From all subjects with acromegaly and the second control group, standardized digital hand radiographs were taken by the same radiological technician with standardized focus-detector distances. Of the EAC controls, 133 radiographs were analog and 39 were digital. For computerized analysis, the analog radiographs were digitized first (VXR-12, VIDAR System Corporation, Herndon, VA, USA). Hand joints were evaluated for the presence of radiological OA using the Kellgren–Lawrence classification system (10, 11). This is a 5-point ranking scale (0, normal OA; 4, severe OA), in which a score of 2 or higher is considered to be (mild) OA.
Image processing for determination of JSW
Recently, van 't Klooster et al. (5) developed in our institute a semi-automatic quantitative method to measure JSW in hand radiographs with a good correlation with semi-quantitative scoring of joint space narrowing (Fig. 1). Therefore, JSWs of the hands in the current study were measured using this semi-automatic image analysis program. First, this program loads the digital/digitized (vide supra) radiographs and the user separates the left and the right hand. Subsequently, in each hand, 12 joints, being four distal interphalangeal (DIP), four proximal interphalangeal (PIP), and second to fifth metacarpo-phalangeal (MCP) joints, were analyzed semi-automatically in four steps: i) identification of the joint locations, ii) detection of the proximal and distal margins of each joint, iii) measurement of the width of each proximal phalange, as a reference for the JSW measurement interval, and iv) calculation of the width of the joint space within the determined measurement interval. The automatic results of each step were reviewed by an expert (S H Malm) and corrected if needed. For each subject, 24 measured joint spaces, as well as the thickness of the proximal phalanges, were reported. The joints of the thumb were omitted from the analysis since they were not perpendicular to the imaging plane and could not be assessed reliably. The individual values and the mean results of all joints, the MCP, PIP, and DIP joints were used for analysis. The intra-individual variation between repeat readings (n=25) was low (<5%), reflected by a κ value of >0.9. Within the EAC cohort, we compared digitized analog and digital radiographs. There was no significant difference between both techniques for any of the mean joint spaces (P=0.30).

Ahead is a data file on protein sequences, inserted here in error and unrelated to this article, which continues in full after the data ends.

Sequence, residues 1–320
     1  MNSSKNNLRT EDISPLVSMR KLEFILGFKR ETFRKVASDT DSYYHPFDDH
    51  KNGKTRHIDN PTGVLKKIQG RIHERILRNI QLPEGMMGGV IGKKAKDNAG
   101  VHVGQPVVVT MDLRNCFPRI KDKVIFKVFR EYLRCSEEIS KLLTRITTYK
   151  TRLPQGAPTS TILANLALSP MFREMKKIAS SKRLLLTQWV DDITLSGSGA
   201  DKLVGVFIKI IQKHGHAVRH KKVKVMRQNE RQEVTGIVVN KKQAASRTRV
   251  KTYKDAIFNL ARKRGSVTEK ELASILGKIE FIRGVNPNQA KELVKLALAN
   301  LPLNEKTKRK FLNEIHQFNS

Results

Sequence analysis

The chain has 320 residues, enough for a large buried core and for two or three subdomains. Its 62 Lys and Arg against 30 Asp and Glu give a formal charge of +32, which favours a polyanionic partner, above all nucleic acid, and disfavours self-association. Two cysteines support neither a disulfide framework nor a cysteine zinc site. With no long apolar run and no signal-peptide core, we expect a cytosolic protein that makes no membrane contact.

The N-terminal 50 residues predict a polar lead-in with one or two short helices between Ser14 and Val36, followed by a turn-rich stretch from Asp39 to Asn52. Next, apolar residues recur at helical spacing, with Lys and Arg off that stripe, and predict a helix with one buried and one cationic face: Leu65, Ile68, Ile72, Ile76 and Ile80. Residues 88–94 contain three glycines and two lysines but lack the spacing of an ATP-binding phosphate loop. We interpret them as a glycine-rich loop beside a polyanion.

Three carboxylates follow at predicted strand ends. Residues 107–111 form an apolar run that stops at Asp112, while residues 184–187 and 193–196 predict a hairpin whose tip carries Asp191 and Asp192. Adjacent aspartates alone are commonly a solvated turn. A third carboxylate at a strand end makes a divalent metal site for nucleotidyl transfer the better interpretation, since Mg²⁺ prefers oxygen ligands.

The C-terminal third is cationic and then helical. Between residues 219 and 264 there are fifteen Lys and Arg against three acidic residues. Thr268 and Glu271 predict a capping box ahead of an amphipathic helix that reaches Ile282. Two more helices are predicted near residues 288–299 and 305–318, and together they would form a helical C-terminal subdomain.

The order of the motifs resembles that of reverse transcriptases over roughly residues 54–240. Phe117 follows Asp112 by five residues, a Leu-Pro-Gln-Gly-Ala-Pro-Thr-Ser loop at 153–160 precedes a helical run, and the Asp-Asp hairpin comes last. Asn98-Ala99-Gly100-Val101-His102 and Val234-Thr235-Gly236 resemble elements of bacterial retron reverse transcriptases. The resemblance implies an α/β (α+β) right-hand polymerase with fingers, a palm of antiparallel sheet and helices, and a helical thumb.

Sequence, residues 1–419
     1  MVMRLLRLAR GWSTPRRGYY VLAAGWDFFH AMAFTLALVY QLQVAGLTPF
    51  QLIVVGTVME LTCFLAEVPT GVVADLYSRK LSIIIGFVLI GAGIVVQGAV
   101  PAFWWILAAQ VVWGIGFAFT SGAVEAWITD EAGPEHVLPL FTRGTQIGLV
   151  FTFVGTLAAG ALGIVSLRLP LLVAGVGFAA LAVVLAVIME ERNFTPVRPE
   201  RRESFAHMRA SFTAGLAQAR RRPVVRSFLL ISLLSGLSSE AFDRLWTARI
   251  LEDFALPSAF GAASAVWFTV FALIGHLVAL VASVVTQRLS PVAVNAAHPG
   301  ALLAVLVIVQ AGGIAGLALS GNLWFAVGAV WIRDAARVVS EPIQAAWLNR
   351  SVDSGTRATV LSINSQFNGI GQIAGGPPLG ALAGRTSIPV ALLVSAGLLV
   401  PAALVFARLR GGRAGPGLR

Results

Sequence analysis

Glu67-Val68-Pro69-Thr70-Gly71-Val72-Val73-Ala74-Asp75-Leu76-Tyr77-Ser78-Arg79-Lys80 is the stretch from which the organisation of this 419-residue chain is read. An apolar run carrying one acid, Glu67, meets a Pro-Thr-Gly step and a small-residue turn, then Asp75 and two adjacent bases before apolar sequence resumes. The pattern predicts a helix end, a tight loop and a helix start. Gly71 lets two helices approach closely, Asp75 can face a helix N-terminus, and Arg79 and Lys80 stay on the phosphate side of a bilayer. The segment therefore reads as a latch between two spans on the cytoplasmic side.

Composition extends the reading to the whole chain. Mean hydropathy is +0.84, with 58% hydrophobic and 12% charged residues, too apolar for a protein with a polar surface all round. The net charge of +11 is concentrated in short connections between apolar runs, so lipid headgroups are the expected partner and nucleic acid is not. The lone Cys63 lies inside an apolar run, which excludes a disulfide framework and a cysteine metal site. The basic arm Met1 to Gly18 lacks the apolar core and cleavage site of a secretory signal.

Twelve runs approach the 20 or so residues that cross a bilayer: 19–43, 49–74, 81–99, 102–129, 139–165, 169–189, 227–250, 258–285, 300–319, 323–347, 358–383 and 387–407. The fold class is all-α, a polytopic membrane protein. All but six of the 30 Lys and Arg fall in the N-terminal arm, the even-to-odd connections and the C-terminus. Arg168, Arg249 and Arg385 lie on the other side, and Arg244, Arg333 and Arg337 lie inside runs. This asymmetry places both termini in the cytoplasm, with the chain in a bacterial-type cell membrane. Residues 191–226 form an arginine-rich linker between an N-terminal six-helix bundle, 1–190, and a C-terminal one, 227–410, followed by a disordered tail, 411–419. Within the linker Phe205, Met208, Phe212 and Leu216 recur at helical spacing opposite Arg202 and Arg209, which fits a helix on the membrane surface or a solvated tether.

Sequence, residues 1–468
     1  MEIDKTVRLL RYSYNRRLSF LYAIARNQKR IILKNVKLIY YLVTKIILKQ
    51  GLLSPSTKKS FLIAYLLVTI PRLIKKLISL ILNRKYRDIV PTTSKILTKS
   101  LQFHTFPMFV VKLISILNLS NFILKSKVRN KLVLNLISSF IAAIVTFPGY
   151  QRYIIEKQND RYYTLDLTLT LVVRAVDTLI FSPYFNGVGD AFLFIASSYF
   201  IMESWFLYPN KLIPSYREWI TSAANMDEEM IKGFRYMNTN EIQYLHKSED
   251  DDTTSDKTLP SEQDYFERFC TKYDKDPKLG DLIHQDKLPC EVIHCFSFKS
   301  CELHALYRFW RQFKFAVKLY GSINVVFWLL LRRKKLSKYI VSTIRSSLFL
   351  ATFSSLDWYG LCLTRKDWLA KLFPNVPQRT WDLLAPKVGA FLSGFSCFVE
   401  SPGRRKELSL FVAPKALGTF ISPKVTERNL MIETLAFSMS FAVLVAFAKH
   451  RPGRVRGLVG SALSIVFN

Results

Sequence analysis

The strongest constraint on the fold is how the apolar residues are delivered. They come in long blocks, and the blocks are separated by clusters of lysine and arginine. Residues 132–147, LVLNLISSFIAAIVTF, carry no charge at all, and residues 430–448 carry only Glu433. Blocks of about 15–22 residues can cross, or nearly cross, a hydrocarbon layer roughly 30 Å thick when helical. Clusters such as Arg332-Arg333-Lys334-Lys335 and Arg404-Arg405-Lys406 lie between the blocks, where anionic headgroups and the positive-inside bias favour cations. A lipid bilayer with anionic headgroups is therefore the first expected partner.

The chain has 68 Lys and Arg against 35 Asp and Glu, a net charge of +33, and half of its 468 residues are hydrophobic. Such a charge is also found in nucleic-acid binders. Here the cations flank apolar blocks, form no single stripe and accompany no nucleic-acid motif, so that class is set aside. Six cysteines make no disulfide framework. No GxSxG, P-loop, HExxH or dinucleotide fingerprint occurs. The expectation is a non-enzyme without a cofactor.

Self-reported painful joints were recorded on a standard diagram including all 24 hand joints. Pain during structured physical examination was recorded systematically for all 24 joints.
Disease characteristics in acromegaly patients
In order to estimate the duration of exposure to previous GH excess, the estimated disease duration before diagnosis and disease duration before remission were carefully assessed. Estimated onset of disease was based on the start of signs and symptoms and changes on photographs. The date of remission was the date of normalization of GH and IGF1 concentrations. The duration of follow-up was the period between diagnosis and study visit. The duration of remission was the period between normalization of GH/IGF1 concentrations and study visit. At the study visit, the actual GH and IGF1 concentrations were measured. Pretreatment GH and IGF1 concentrations were recorded from the database. Since IGF1 analysis was not available in our center before 1986, pretreatment IGF1 levels were not available for all cases (only 67 of 89 patients).